Andalucian hideaways: The Big six

Bucolic estates, soul-stirring scenery, stone cottages, and the former home of flamenco dancer Antonio Ruiz Sole

Trasierra, Cazalla de la Sierra

In 1978, Charlotte Scott upped sticks from London and moved to Andalucia in search of a project. Tucked away in the sweeping Sierra Morena, 80km north of Seville, she found abandoned olive mill and set about restoring it. Originally intended as a private home, Charlotte opened the country estate to paying guests in 1992. Today, daughter Amber is the resident yoga teacher and spa therapist, while sister Gioconda looks after the meals. Having started from nothing, there are now 18 rooms, each with its own en suite. But that's where the hotel-like facilities end: there are no televisions, minibars or in-house telephones here. This is a spot for quiet reflection, with days spent strolling around the bucolic estate or venturing out to the surrounding hillsides.

Trasierra, Cazalla de la Sierra, Seville (00 34 609 550 600; Doubles start at €180, including breakfast.

El Carligto, Canillas de Aceituno

This hilltop estate has views across to the Mediterranean and the Moroccan mainland. Set within 10 acres of sculpted gardens, with a cliffside pool that looks out to soul-stirring scenery, it has two separate self-catering villas. The Cortijo (farmhouse) sleeps eight, with hand-stitched Suzani tapestries and rustic Spanish antiques. Meanwhile, the new Refugio de Caza (Hunting Lodge) opens in May, with more modern interiors and space for six. Malaga and the coast are nearby.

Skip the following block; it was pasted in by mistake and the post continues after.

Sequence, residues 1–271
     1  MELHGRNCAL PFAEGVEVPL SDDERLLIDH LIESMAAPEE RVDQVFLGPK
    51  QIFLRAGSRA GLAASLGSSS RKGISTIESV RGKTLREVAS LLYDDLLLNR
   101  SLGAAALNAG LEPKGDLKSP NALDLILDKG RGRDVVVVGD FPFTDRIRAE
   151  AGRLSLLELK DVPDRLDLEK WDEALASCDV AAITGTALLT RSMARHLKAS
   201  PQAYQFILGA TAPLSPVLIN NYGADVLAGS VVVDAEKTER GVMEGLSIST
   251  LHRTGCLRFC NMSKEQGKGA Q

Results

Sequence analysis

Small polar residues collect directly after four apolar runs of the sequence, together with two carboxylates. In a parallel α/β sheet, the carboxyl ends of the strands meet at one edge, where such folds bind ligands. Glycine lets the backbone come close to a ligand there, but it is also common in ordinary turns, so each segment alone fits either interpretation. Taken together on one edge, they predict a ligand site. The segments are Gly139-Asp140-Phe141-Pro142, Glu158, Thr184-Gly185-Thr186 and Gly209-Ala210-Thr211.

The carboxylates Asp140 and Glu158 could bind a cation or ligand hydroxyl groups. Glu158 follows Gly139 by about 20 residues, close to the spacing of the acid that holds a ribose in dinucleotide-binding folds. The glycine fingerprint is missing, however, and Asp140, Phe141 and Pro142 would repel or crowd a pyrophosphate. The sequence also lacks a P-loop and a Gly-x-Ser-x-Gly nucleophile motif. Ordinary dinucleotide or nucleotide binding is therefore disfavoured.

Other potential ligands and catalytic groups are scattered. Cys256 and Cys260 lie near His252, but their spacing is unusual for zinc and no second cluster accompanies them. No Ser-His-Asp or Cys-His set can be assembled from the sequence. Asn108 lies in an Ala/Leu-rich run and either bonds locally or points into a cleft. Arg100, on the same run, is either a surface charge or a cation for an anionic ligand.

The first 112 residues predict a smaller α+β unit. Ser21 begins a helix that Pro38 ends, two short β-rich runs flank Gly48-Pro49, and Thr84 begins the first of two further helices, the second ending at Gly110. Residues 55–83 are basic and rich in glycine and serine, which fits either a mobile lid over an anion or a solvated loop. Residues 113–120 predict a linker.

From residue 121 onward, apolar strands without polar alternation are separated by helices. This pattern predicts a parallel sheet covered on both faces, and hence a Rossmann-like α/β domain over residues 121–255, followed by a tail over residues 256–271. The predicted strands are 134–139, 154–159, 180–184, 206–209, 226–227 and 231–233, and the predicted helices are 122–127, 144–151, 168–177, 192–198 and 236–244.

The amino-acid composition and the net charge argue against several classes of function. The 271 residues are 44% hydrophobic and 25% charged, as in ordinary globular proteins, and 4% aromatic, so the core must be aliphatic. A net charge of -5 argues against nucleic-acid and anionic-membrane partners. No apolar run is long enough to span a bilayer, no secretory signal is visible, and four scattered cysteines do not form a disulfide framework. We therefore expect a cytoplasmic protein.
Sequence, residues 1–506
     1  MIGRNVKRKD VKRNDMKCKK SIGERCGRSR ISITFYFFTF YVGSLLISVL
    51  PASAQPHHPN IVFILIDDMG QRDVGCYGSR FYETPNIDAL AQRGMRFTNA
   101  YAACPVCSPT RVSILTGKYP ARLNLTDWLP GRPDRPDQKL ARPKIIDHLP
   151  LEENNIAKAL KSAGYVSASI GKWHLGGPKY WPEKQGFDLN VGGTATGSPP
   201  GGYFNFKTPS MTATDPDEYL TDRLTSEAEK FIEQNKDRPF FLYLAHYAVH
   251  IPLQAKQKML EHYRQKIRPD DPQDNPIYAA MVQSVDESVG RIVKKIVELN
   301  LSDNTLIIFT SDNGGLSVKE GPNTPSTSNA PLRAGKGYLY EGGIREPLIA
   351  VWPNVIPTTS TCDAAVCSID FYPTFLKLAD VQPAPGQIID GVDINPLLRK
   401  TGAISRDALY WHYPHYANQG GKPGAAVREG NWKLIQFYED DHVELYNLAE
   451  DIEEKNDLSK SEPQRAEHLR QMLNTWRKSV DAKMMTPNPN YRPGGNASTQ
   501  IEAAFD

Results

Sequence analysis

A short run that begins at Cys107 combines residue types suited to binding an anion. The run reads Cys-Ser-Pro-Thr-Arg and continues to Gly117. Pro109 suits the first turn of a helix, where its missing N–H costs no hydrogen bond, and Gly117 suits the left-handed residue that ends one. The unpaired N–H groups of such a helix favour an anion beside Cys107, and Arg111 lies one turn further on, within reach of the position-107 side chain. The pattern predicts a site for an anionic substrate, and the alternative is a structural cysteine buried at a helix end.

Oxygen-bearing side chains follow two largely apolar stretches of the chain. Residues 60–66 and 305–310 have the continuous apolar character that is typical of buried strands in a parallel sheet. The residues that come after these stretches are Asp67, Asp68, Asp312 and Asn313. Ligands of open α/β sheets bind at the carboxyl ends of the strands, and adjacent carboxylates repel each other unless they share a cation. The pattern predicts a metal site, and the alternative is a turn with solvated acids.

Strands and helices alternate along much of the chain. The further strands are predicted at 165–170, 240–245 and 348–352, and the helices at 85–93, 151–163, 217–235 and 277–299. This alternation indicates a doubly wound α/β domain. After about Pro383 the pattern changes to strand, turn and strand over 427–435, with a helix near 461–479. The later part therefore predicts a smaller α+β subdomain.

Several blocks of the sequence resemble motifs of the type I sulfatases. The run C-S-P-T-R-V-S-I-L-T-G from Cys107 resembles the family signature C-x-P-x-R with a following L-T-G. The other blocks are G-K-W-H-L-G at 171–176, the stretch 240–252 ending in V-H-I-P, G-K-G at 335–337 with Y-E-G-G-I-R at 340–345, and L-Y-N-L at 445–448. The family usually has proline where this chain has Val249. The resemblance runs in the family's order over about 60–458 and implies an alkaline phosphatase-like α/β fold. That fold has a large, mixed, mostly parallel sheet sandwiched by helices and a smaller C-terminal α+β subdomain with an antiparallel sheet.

El Carligto, Canillas de Aceituno, Malaga (00 34 951 167 180; Weekly rental from €3,000. Sleeps six.

Molino Río, Alájar

A peaceful valley outside the town of Alájar is the site for this collection of six stone cottages. Surrounded by the Sierra de Aracena – home to the largest park in Andalucia – it's the perfect base for walkers and wildlife lovers, who come to take in the area's verdant scenery and thriving bird life. Houses sleep between two and four people, with brick fireplaces for cooler months and barbecues or terraces for summer. Many feature colourful ceramic tiles and wire-frame beds that give the place a final rustic flourish.

Molino Río, Alájar, Huelva (00 34 959 501 282; Two nights from €248. Sleeps two-four.

La Almunia del Valle, Monachil

This rural retreat is staggered up a hillside in Monachil, just outside Granada. Bright white bedrooms feature terracotta-tiled terraces for taking in the views. Elsewhere, a range of outdoor dining spots – shaded with parasols and olive trees – aim to make the most of the undulating landscape. The food is unfussy and farm-sourced: think beans, artichokes and other vegetables, paired with meat from the mountains and fish from the Motril coast.

La Almunia del Valle, Monachil, Granada (00 34 958 30 80 10; Doubles start at €110, B&B.

Finca Naranja, Ronda

This immaculate B&B is set just outside the scenic city of Ronda – known for its dramatic bridges, one of which rises 120m above the perilous El Tajo canyon. Interiors suggest this is the work of a professional. And sure enough, designer and owner, Conchita Kien, is the lady behind the look. Four private cottages feature whitewashed walls, cowhide rugs and monochrome fabrics. Beyond, there are shady terraces for enjoying afternoon tapas and pueblos blancos (white towns) to explore further afield.

Finca Naranja, Ronda, Malaga (00 34 952870476; Doubles start at €139, B&B.

Casa Grande, Arcos de la Frontera

Built in 1729 by the wealthy Nuñez de Prado family, Casa Grande later became the home of Spanish flamenco dancer, Antonio Ruiz Sole. In the Nineties, its current owner, Elena Posa, converted it into a hotel. Today, a plant-strewn central courtyard hints at the region's Moorish past, with marble columns and North African lanterns. Rooms feel equally exotic, with dark-wood beams, glazed azulejo tiles and dusky, pastel walls. Jerez and Cádiz are both close by.

Casa Grande, Arcos de la Frontera, Cádiz (00 34 956 703 930; Doubles start at €65, room only.